A markup language is a kind of text encoding that represents text as well as details about the structure and appearance of the text. The name is derived from the traditional publishing practice of "marking up" a manuscript, that is, adding printer's instructions in the margins of a paper manuscript. Markup languages are used, for example, by the publishing industry to communicate printed works among authors, editors, and printers.
The most common markup languages in use today are SGML and its derivatives, such as HTML and DocBook. These languages intermix the text of a document with markup instructions in the same data stream or file. Here, for example, is a small section of text marked up in HTML:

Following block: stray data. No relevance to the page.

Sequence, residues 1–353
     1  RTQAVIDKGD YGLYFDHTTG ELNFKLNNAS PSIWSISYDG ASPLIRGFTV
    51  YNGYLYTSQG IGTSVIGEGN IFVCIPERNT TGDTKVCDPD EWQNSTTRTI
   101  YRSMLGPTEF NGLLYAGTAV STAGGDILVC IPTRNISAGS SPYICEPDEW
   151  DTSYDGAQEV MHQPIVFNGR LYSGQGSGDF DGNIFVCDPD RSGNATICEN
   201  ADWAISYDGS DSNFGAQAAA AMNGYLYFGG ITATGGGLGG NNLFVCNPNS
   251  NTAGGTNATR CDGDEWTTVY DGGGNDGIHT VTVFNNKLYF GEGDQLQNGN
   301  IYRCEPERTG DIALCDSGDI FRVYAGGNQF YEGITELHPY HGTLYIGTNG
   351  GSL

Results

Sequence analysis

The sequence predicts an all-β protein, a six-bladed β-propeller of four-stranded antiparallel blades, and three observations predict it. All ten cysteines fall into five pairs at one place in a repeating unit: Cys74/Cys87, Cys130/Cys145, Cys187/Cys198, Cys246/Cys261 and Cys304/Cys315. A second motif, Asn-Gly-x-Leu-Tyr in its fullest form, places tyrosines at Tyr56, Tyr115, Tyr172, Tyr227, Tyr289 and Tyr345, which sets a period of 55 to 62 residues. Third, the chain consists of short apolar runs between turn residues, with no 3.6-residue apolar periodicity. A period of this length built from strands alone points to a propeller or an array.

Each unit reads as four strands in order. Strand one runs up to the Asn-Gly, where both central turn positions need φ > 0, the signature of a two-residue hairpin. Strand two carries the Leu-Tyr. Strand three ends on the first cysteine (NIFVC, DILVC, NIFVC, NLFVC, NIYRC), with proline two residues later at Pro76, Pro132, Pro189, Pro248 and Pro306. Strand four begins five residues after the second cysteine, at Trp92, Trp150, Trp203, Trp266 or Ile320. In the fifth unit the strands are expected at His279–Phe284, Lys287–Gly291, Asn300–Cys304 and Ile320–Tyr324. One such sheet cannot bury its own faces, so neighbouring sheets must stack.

<h1> Anatidae </h1> <p> The family <i>Anatidae</i> includes ducks, geese, and swans, but <em>not</em> the closely-related screamers.
The codes enclosed in angle-brackets <like this> are markup instructions, while the text between these instructions is the actual text of the document. The codes "h1" and "em" are examples of structural markup, in that they describe the intended purpose or meaning of the text they include (specifically, "h1" means "this is a first-level heading" and "em" means "this is an emphasized word"). A device reading such structural markup may apply its own rules or styles for presenting it, using larger type, boldface, indentation, or whatever style it prefers. The "i" instruction is an example of presentational markup. It specifies the exact appearance of the text (in this case, the use of an italic typeface) without specifying its purpose.
See also: SMIL